The Most Common Alcohol-Free Beer Misconception

low-alcohol beer

One of the best aspects of the craft beer community is that brewers of all shapes and sizes can provide any type of beer people want, from deliciously crisp low-alcohol beer to full-bodied yet low-calorie ales, each with their own story behind them.

When you buy a craft beer you are directly supporting a collective and paying for the quality of beer you deserve, which is truly awesome.

However, there is one gaping misconception that tends to hover around discussions about alcohol-free and low-alcohol beers and that is the inevitable discussion about beer duty, especially as people juggle their finances in a cost-of-living crisis.

Basically, the argument is that, given that Great Britain has some of the heftiest alcohol duties in the world, an alcohol-free beer should be significantly cheaper than an alcoholic one, which is not typically the case.

It is an argument that is understandable, but also one that is incorrect, not least because most small breweries and microbreweries qualify for reduced duty rates, which can reduce the duty by as much as 50 per cent if you only make 500,000 litres of beer.

It is all frighteningly complex, but in practice, even a large brewer is only paying around 50p per pint in tax, which means that the saving would never be quite as much as people who make the tax argument think.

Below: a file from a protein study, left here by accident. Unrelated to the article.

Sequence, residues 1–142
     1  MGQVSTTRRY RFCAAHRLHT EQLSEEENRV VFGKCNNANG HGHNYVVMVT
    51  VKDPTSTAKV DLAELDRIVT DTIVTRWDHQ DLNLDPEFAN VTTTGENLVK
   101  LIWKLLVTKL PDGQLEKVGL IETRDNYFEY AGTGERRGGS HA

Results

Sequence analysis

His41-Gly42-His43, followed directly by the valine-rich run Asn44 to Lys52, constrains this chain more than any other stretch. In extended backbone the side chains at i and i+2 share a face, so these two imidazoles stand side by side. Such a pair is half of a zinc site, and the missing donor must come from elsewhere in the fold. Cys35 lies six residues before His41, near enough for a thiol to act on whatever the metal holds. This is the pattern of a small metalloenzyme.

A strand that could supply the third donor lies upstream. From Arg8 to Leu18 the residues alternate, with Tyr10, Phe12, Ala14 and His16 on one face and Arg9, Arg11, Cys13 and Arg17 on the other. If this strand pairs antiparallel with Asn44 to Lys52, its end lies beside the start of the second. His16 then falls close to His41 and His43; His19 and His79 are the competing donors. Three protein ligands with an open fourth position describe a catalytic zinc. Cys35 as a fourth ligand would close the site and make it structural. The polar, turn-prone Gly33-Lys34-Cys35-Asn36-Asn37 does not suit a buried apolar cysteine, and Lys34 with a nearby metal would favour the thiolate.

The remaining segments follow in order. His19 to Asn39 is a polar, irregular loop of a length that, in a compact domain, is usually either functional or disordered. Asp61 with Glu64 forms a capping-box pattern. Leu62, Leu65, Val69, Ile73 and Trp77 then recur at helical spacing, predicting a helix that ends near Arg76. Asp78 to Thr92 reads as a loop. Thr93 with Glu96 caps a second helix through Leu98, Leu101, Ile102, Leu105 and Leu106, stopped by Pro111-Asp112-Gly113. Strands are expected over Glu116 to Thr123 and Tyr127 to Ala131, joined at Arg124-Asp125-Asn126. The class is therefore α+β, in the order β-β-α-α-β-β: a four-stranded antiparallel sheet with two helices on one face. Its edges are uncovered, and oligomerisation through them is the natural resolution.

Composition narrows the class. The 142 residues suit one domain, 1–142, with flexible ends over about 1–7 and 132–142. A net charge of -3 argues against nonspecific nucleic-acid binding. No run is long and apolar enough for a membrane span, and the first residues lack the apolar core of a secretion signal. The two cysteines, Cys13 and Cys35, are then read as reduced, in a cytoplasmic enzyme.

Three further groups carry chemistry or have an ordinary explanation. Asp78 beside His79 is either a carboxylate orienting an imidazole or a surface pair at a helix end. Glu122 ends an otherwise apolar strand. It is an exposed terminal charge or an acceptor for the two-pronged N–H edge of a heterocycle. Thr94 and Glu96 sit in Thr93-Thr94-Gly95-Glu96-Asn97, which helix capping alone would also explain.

As well as this, making alcohol-free beer is typically more complicated and features additional steps to remove the beer.

The misconception comes in part from assumptions that alcohol-free beer is similar to mocktails, but whilst a mocktail is essentially an elaborate juice drink without adding alcohol, alcohol-free beer tends to start as an alcoholic beer that is processed to get rid of the alcohol.

There are newer techniques that simplify this somewhat, such as using limited fermentation techniques that allow for a 0.5 per cent beer without having to actively get rid of the alcohol content, but even then it is still as complex as brewing a regular beer.

In short, alcohol-free beer costs what it does because of the hard work that goes in and the exceptional quality that comes out… which we can all agree is something that’s in very clear evidence with the UNLTD. range of delicious drinks.

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